Proof. Since are linearly independent and , then there exists with .
Set . For any , we have Let us define by then, we obtain Set Clearly, . And we have On the other hand, Thus, Define by It follows that
Obviously, is continuous on . Using the mean value theorem, there exists such that .
Set , , we have And from , we have
Lemma 9. Let and be two real linear -normed spaces whose dimensions are greater than , and let be -strictly convex normed space. Suppose that is a surjective mapping satisfying (-SDOPP) with preserving distance for any . Then, preserves distance for any .
Proof. Firstly, is injective. Suppose, on the contrary, that there are , , such that . As , it follows that there exist vectors such that are linearly independent. Then, .
Set Clearly, Then This implies that , which is a contradiction. Therefore, is a bijective mapping.
Let and satisfying
By Lemma 8, we can find with Set Clearly, we have It follows from the hypothesis of preserving any integer ; then, Clearly, we have We conclude that Otherwise, if for some , we have with or such that Suppose that . Then, Assume that Set Then, for , Since is bijective and preserves -SDOPP on both directions. Then, there exists with which satisfies that However, by (20), , and thus , are linear dependent. Then, This contradiction implies that This also contradicts with (26). Since is -strictly convex, then there exists such that Then, Since then . Thus, Similarly, Hence,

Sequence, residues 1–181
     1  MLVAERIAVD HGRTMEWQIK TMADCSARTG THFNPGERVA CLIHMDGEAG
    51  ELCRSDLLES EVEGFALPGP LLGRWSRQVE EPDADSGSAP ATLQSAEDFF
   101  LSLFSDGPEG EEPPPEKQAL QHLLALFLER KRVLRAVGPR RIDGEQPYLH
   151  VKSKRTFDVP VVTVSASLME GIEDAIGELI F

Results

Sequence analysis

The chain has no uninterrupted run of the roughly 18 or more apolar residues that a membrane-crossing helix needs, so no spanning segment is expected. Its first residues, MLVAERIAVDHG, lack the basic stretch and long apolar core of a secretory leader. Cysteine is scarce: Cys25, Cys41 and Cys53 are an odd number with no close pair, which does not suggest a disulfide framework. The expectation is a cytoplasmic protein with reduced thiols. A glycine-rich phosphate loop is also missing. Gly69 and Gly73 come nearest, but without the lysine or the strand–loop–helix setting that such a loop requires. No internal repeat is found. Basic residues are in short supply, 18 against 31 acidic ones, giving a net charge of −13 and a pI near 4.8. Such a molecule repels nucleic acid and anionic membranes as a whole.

Lemma 10. Let and be real -normed spaces such that . If a mapping preserves the distance for each , then preserves the distance zero.
Proof. Choose such that ; that is, are linearly dependent. Assume that is a maximum linearly independent group of (. As , we can find a finite sequence of vectors such that are linearly independent. Hence, it holds that
We will prove that for every . Let . We can find a vector such that are linearly independent. Set for arbitrarily fixed . Then, Since , we get Since preserves the distance , we see that
For , we set for any . Then, we have for each . Since are linearly dependent, we get and hence, which together with (48) implies that for all . By a similar argument, we further obtain that
In view of (45), (50), and (51), we conclude that where denotes either or for .
Since preserves the distance for any , it follows from (52) that where is an arbitrary positive integer. Hence, we conclude that which implies that preserves the distance zero.
Remark 11. In Lemma 2.2 ( to be published), we give the same method under the condition of preserving 2-colinear.
Theorem 12. Let and be real -normed spaces such that and is -strictly convex. If a surjective mapping has the -SDOPP and preserves the distance for any , then is an affine -isometry.
Proof. Assume that for .
Take positive integers such that Set for , and Clearly, for , According to Lemma 8, there exists such that It follows from Lemma 9 that we have for .
On the other hand, Hence Suppose that For any , with find a positive integer satisfying .
Set . Clearly, , and .
It follows that and Then (63) is not valid. Hence,
Corollary 13. Let and be two real linear -normed spaces. Suppose that mapping preserves any positive integer -distance and Lipschitz condition. Then, is an -isometry.
This work is supported by the Fundamental Research Funds for the Central Universities in China and Education Department of Liaoning province in china.